At sales outsourcing companies, SDRs hold their position for several years and become professionals. They also tend to specialize in 2-3 industries to make their work even more efficient. In addition to this, some firms provide the services of sales intelligence. They will enrich your existing lists of contacts and add to the new ones.

2. Analyze the workflow and a load of your sales team:

  • Do they have the potential of making more deals?
  • Consider setting a higher quota for your sales team.
  • Do you need more Account Executives?
  • Estimate the ratio of accepted qualified opportunities to the number of closed deals. Sometimes, a sales and marketing team bring enough “material” to attain the quota. However, the real problem is in the AEs.

Today, the number of SDRs per manager has grown.

If your managers can’t handle more qualified opportunities brought by an increased number of SDRs, they need training.

3. Examine your software:

  • How does your database work? Are there better offers on the market?
  • Is your CRM up-to-date?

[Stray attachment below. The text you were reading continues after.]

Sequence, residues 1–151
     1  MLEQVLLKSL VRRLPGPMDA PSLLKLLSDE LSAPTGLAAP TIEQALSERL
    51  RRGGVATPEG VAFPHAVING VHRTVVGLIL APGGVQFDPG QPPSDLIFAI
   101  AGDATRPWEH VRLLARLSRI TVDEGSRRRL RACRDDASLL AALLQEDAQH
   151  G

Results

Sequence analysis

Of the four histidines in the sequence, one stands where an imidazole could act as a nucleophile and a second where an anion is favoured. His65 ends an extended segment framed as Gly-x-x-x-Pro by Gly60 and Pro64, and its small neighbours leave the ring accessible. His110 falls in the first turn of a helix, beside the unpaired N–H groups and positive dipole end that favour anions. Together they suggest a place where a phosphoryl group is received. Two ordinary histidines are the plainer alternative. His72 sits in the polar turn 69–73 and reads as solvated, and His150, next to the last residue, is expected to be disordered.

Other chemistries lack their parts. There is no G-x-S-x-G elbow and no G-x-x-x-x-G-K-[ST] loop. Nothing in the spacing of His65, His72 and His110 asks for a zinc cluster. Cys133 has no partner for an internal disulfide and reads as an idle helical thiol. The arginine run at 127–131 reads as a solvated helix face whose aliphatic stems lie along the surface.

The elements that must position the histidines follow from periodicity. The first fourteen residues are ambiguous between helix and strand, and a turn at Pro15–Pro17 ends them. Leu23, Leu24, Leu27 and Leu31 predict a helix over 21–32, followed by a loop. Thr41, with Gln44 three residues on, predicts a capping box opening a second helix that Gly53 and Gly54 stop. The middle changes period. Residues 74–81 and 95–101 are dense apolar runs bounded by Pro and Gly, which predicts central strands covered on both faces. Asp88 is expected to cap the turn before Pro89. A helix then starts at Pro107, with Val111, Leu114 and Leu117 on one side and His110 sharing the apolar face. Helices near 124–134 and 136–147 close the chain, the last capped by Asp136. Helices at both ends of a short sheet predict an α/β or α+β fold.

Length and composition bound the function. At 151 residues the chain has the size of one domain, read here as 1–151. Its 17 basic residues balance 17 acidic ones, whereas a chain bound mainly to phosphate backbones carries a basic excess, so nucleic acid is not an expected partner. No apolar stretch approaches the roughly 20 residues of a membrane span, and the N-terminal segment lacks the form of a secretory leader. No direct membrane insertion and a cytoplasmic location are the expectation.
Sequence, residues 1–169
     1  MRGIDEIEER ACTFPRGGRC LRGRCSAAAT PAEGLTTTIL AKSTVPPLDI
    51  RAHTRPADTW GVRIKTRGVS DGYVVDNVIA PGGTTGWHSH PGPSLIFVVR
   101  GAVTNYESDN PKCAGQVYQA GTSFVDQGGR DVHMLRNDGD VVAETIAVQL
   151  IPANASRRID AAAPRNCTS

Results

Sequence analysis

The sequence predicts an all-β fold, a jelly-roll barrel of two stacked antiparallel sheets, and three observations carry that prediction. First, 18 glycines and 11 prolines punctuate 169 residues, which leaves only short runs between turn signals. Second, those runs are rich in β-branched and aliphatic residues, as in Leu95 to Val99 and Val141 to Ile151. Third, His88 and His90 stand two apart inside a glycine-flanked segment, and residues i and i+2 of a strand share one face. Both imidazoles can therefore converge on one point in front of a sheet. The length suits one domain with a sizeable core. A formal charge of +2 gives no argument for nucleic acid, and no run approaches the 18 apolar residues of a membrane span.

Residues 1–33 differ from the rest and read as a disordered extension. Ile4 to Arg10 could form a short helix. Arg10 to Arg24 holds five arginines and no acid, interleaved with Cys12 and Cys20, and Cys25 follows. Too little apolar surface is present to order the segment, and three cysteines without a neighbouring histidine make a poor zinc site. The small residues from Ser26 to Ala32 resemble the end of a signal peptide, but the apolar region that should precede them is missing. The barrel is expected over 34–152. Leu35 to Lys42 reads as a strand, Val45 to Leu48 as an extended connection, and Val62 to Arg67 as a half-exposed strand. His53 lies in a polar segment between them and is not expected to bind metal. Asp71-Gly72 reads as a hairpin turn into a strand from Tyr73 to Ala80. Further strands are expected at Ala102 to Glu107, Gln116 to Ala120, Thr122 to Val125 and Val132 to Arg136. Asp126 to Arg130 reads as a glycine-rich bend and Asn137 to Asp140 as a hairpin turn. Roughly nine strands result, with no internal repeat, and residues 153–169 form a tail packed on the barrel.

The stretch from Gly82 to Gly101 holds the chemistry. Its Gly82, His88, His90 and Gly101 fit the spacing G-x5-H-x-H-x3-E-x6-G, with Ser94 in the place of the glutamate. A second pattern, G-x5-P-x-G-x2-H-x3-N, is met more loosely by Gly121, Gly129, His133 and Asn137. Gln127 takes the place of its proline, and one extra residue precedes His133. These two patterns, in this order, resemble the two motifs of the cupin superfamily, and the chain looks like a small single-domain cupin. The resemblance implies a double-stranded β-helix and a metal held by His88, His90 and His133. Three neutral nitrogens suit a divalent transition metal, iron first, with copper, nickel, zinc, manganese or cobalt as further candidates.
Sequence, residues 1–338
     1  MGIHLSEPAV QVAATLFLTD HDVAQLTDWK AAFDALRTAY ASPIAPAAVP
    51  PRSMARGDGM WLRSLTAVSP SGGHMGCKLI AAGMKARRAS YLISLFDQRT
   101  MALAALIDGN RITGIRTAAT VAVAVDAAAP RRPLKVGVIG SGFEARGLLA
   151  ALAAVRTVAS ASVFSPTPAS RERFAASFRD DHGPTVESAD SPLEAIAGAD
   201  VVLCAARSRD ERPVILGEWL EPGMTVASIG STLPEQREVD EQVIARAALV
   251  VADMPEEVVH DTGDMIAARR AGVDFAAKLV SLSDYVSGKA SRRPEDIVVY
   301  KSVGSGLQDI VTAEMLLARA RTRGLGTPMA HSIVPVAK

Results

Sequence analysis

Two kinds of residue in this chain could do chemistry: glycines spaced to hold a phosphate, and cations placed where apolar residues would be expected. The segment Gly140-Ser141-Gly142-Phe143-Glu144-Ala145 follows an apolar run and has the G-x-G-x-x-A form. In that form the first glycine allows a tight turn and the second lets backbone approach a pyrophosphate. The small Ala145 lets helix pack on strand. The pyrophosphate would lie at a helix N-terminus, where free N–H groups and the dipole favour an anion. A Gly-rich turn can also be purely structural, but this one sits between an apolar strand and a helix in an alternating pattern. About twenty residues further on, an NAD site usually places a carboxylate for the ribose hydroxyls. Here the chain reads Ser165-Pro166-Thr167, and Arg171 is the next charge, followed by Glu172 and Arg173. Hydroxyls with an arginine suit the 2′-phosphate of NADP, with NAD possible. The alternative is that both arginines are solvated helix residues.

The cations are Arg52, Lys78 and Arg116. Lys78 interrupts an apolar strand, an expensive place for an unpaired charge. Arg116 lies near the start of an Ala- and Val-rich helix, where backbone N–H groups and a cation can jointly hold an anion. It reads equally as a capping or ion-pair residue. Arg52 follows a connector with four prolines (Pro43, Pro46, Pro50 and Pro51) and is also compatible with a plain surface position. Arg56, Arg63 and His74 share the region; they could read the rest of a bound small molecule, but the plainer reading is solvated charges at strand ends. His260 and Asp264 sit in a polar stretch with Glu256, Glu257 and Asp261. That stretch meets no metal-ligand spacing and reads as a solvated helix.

• Does your software indeed facilitate the process? Is it user-friendly and easy to use?
  • Do all of your employees use automation tools, or maybe some of them want to make it the “old way.”

4. Check the process of lead transfer between employees:

  • From marketing to sales.
  • From SDRs to AEs.

5. Estimate your reporting system:

  • Does it have “blind spots?”
  • Does your company use reporting for analysis and planning?
  • What if you make wrong conclusions about the data?
  • How often do your employees report?
  • Is reporting the lifestyle of your organization utilized, or is it done ad hoc?

The comprehensive analysis of these factors will help you to see what is going on in your sales process. You will get an insight into the results of the quarter-pole and understand better the sales trends of your company.

It will be beneficial for companies that underperformed and those that overperform. Similarly, it will help those organizations that want to grow and evolve.